This is consistent with what I'm seeing in lefty analysis and even on this board, example: "This is a rights issue and the law will be struck down by the SC as it should." That's not a valid justification for the supreme court to over turn a law in our system of gov't.
First, I appreciate the more accurate characterization of progressive/liberal opposition to DOMA. Second, IANAL (either), but I believe there's considerable legal precedent to support that civil rights violations are a valid justification to overturn a law in our system of government. You might disagree with the validity of the precedents or whether they should apply to DOMA, but there's considerably more backing the position than "it's wrong because we say so" or "we just want as much power as possible".
I'm arguing that Democrats are willing to abandon the constitution to in act their progressive policy preferences (expanding federal gov't to enact a host of positive rights that enable them to balkanize the American public along single issues). Game theory demands a tit for tat approach. A nice guy approach just means you always get screwed. Republicans should strike back with laws that follow the same legislative philosophy, but enact conservative policy goals.
Likely results: progressive left challenges to new conservative laws are upheld at SC (likely with support of conservative and libertarian groups), creating precedent to over turn the progressive laws on the same ground. DOMA example would be that if the SC over turns it saying the federal gov't cannot tell states who is married or not because they haven't been granted that power leads to a challenges to a ruling on a topic we are not allowed to discuss.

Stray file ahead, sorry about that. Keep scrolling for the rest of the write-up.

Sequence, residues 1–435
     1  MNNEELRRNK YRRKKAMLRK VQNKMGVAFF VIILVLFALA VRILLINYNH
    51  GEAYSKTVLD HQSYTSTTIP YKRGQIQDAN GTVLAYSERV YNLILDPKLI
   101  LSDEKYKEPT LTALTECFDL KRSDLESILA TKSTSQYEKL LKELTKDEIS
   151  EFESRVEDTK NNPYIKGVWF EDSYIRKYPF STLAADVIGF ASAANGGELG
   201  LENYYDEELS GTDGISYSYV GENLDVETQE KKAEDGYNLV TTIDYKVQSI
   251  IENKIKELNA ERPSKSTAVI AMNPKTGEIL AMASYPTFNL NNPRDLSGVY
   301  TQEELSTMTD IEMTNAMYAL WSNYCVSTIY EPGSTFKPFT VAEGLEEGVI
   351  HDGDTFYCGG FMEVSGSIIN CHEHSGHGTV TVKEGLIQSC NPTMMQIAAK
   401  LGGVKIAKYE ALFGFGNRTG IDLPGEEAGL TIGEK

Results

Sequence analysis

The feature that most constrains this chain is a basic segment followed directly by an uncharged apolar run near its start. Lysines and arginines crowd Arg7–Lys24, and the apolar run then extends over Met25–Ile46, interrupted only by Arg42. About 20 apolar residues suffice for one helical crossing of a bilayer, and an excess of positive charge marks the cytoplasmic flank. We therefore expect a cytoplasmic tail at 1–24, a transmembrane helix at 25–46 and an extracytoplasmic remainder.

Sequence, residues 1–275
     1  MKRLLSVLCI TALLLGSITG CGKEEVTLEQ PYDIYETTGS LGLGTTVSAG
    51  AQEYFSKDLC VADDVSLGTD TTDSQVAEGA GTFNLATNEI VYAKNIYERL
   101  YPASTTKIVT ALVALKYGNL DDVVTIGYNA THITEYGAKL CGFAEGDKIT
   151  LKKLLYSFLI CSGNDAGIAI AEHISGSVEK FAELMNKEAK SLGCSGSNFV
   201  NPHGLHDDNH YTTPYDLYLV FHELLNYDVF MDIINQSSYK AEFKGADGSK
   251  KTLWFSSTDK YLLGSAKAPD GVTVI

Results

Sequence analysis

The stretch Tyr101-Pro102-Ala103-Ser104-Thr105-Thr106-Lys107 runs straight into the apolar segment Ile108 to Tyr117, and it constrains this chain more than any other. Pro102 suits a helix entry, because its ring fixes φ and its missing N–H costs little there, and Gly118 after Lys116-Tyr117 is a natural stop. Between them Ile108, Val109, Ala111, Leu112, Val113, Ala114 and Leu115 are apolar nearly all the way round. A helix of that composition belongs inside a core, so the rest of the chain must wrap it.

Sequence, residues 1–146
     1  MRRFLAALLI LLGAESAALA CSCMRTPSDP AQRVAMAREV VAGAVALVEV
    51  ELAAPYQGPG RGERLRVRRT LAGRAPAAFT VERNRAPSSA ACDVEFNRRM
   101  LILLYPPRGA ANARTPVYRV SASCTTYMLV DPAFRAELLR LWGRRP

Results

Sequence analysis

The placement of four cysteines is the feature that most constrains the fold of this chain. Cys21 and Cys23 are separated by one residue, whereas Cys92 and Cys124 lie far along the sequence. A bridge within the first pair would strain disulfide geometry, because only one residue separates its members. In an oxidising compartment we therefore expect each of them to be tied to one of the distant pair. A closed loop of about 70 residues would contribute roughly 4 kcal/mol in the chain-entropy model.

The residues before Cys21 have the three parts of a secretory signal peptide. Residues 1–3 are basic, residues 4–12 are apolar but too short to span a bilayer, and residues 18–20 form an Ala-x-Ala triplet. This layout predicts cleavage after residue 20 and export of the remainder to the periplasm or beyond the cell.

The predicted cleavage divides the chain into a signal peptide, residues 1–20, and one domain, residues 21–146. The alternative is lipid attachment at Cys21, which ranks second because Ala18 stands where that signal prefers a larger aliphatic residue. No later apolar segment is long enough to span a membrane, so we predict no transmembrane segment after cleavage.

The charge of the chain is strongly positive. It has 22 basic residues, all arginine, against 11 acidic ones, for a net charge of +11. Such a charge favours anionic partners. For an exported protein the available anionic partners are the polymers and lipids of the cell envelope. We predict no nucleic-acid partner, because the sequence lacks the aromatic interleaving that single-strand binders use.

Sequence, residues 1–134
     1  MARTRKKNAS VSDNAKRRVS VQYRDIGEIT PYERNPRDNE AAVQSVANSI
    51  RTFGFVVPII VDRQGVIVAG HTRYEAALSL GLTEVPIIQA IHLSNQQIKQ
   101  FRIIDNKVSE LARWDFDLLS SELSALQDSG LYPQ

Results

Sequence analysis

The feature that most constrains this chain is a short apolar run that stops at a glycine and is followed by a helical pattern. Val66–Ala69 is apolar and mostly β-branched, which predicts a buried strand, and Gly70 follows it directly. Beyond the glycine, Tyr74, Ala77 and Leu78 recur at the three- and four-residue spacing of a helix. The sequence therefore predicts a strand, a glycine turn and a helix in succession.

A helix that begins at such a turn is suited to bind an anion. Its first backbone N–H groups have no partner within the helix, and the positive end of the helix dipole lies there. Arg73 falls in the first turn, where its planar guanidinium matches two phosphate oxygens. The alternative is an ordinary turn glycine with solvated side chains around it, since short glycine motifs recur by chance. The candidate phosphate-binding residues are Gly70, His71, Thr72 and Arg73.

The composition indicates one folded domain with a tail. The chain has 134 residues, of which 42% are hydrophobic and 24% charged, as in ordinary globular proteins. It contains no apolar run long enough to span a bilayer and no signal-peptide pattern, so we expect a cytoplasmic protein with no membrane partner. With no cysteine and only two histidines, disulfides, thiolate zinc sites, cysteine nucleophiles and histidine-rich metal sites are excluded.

I'm not arguing that its a good thing overall - but I think its necessary to play hard ball in politics.
If you're familiar with game theory, then you should be aware that:
- tit-for-tat is not an optimal strategy in all game theory paradigms, although it's believed to be in most of the more "famous" versions. It also requires in-kind response to positive actions by the other party. It's not just for competitive retaliation.
- game theory approaches tend to produce faulty conclusions when applied inconsistently or asymmetrically. For example, in this situation, if game theory demands conservatives respond to progressive expansion of federal power by supporting expansion of their own, then it equally demands that progressives respond with support for further expansion, then conservatives respond in kind, and progressives in kind, etc. etc.
The net result of the tit-for-tat approach over time is both conservatives and progressives continually promoting greater and greater federal authority, and only differing on where and how the expansion should occur. This is much more in line with progressive philosophy than conservative, and that's without getting into practical considerations like conservative voters becoming much more disillusioned with their party's actions than progressives are with theirs.
The Supreme Court could derail this process early on as you mention, but it's a lot of eggs to put in a basket that has both historically and recently shown an inclination to support expanded federal powers. And even if these hypothetical rulings strike down these hypothetical conservative laws, they may well do so in too narrow a manner to be equally applied to progressive policies.
Unless the SC responds in a fairly specific way early in the process, it's difficult to see tit-for-tat as you're describing it as an optimal conservative strategy. It can sound appealing in individual iterations, but from a conservative perspective, the longer this strategy is employed, the closer it seems to get to the old saying "When you wrestle with a pig, you both get covered in 'mud' (altered for CB) and only the pig likes it."